Fracking Fluid Study Illustrates Damage to Plant Life

A new study is raising some serious questions about the wastewater produced as a result of <"">hydraulic fracturing, or fracking. According to a study from the U.S. Forest Service, fracking flowback water can be deadly to plant life.

The new study, published in the Journal of Environmental Quality, was conducted by Mary Beth Adams. According to a report from the Colorado Independent, Adams doused a quarter-acre plot of land in West Virginia’s Fernow Experimental Forest (located within the Monongahela National Forest) with 75,000 gallons of fracking fluid, a method of disposal currently legal in that state.

According to Adams, groundcover exposed to the fracking water died almost immediately, while leaves on trees began to turn brown after two days. Within two years, more than half of 150 trees in the area died. Testing also found that surface soil concentrations of sodium and chloride increased 50-fold as a result of the fracking fluids.

Adams noted that the exact chemical composition of fracking fluids is not known because the chemical formula is classified as confidential proprietary information. However, she said it was her understanding that most fracking fluids are generally the same. It was the saltiness of the fluid that caused the vegetation die-off.

Jeff Ruch, executive director of Public Employees for Environmental Responsibility (PEER) said Adam’s study suggested that fracking fluids should be treated as toxic waste.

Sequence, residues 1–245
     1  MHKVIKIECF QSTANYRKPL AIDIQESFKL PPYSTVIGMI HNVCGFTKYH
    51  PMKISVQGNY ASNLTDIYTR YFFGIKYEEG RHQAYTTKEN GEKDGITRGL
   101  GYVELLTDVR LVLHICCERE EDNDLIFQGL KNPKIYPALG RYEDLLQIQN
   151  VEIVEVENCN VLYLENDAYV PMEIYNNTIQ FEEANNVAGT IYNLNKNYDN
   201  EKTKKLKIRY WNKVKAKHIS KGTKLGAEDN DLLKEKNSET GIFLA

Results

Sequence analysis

“The explosion of shale gas drilling in the East has the potential to turn large stretches of public lands into lifeless moonscapes,” Ruch said in a statement.

Representatives of the natural gas industry have disputed Adam’s findings, claiming they are “not practicable” because a very large volume of the fluid was sprayed on a small area of land. But according to a report from the Harrisburg Patriot-News, drilling accidents in Pennsylvania have allowed large quantities of fracking fluid to spill onto the ground. Vegetation die-offs similar to what was seen in the West Virginia study have occurred in Pennsylvania as a result of such accidents.

“In the Northern part of Pennsylvania, there have been several spills where frack flowback escaped the well pad and containment area and caused damage to vegetation, particularly fields that adjoin the well sites,” a spokesperson from the Department of Environmental Protection (DEP) told the Patriot-News in an email.

Fracking fluid spills that were the result of truck accidents have also damaged vegetation, the spokesperson said.

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